Get connected. Be connected. Make connections. Find connections. The Internet of Things (IoT) is all about connecting people, processes, data and, as the name suggests, things. The recent social media frenzy surrounding the ALS Ice Bucket Challenge has certainly reminded everyone of the power of social media, the Internet and a willingness to answer a challenge. Fueled by personal and professional connections, the craze has transformed fund raising for at least one charity. Similarly, IoT may potentially be transformational to the business of the public sector, should government step up to the challenge.
Government is struggling with the concept and reality of how IoT really relates to the business of government, and perhaps rightfully so. For commercial enterprises, IoT is far more tangible and simply more fun. Gaming, televisions, watches, Google glasses, smartphones and tablets are all about delivering over-the-top, new and exciting consumer experiences. Industry is delivering transformational innovations, which are connecting people to places, data and other people at a record pace.
It’s time to accept the challenge. Government agencies need to keep pace with their commercial counterparts and harness the power of the Internet of Things. The end game is not to deliver new, faster, smaller, cooler electronics; the end game is to create solutions that let devices connecting to the Internet interact and share data, regardless of their location, manufacturer or format and make or find connections that may have been previously undetectable. For some, this concept is as foreign or scary as pouring ice water over their heads. For others, the new opportunity to transform policy, service delivery, leadership, legislation and regulation is fueling a transformation in government. And it starts with one connection.
One way to start could be linking previously siloed systems together or creating a golden record of all citizen interactions through a Master Data Management (MDM) initiative. It could start with a big data and analytics project to determine and mitigate risk factors in education or linking sensor data across multiple networks to increase intelligence about potential hacking or breaches. Agencies could stop waste, fraud and abuse before it happens by linking critical payment, procurement and geospatial data together in real time.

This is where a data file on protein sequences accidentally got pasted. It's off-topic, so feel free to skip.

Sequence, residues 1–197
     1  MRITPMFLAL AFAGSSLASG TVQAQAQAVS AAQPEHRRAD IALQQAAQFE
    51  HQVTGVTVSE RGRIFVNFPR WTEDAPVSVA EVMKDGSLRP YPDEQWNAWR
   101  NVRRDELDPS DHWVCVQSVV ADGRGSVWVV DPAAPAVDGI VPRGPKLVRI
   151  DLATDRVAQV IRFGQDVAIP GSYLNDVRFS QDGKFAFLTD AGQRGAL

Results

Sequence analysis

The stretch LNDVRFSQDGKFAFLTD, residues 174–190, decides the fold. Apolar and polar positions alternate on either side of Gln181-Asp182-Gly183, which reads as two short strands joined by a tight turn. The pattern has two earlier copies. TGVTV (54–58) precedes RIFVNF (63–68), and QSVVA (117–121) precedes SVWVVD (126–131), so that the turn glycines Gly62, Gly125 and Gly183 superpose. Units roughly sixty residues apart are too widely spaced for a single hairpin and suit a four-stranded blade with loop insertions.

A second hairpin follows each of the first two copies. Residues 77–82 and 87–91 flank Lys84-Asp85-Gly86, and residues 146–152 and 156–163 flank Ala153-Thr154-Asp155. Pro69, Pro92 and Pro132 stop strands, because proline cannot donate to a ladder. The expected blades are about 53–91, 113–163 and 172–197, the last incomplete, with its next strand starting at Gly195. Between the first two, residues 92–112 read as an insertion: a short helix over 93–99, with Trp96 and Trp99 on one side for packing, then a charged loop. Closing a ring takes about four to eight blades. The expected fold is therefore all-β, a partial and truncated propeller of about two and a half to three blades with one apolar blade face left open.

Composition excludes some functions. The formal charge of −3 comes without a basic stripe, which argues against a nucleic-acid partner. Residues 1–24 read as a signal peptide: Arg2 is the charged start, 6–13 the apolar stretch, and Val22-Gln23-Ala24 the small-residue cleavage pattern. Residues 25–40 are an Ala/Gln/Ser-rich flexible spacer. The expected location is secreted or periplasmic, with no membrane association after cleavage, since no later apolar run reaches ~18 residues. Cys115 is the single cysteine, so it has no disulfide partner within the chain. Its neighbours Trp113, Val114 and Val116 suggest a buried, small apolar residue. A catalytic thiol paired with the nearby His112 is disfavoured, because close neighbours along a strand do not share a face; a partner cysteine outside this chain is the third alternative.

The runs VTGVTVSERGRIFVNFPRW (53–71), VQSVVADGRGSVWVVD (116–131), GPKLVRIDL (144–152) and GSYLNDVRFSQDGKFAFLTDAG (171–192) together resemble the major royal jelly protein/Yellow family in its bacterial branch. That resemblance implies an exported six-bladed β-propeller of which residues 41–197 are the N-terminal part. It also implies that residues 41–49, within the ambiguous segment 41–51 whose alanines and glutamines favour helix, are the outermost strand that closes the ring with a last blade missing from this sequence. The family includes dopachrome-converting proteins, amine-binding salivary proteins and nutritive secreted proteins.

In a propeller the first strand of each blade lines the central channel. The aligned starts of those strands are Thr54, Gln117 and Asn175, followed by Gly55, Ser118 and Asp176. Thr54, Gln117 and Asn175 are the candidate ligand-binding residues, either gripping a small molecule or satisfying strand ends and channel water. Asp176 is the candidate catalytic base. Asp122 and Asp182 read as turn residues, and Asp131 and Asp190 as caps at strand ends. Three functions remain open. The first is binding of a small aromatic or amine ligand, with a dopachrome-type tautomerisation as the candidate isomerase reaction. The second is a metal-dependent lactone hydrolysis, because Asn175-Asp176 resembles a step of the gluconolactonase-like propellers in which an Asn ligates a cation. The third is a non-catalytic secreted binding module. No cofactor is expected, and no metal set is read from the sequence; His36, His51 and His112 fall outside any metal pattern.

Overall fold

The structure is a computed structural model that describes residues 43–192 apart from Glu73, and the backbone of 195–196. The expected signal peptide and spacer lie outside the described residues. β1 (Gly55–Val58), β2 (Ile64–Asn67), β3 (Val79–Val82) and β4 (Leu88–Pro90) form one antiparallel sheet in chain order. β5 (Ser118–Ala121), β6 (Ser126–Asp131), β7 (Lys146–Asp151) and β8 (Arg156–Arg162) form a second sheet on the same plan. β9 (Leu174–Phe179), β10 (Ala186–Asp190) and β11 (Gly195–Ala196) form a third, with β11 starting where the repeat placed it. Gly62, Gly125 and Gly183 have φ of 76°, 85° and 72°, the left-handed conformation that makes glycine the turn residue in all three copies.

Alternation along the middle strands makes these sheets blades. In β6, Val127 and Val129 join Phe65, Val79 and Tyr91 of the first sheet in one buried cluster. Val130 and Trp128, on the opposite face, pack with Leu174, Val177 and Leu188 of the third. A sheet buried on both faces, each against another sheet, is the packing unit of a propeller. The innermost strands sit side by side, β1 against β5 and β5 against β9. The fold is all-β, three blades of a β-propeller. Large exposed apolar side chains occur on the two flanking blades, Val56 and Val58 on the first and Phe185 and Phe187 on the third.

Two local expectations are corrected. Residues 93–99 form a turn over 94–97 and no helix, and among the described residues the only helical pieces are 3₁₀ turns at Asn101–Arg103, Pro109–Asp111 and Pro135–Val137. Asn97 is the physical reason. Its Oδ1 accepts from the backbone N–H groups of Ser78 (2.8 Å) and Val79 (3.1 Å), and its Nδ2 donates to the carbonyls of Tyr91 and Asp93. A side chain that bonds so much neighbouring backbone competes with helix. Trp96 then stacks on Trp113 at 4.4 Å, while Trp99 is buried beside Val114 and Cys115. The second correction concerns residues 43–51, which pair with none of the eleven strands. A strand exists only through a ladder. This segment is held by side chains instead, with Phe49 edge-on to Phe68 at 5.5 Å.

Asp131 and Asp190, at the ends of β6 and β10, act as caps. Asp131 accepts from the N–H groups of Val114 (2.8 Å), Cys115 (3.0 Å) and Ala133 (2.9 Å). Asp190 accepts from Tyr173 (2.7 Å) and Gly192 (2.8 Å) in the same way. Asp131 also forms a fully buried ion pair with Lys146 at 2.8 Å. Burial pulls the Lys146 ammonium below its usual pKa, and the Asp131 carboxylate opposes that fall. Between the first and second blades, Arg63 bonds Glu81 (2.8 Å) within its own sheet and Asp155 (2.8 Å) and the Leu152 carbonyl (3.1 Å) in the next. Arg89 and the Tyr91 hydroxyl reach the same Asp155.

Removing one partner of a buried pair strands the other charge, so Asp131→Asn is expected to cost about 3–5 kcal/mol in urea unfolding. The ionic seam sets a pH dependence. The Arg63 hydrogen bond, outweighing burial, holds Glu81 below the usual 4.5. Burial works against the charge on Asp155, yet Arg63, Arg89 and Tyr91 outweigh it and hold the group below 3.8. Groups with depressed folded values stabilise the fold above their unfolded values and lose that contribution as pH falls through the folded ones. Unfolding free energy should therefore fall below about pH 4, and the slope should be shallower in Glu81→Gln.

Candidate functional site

This is the Internet of Things for government. This is the challenge. This is transformation.
History is the likely final arbiter of the effectiveness of the American Recovery and Reinvestment Act (ARRA), commonly called the Stimulus Bill. But, the legacy of that piece of legislation may forever change the way people view government spending. As never before, the ARRA called for and implemented transparency requirements associated with spending. In theory, citizens were able to track how stimulus dollars were being spent directly in their communities and the government was able to more easily identify improper payments, waste, fraud, and abuse. One of the lasting results is that the stimulus has done more to increase the need and imperative for government transparency than almost any other trigger in history. Further, there has been a large increase in demand for transparency at all levels of government. (more…)
In an recent blog,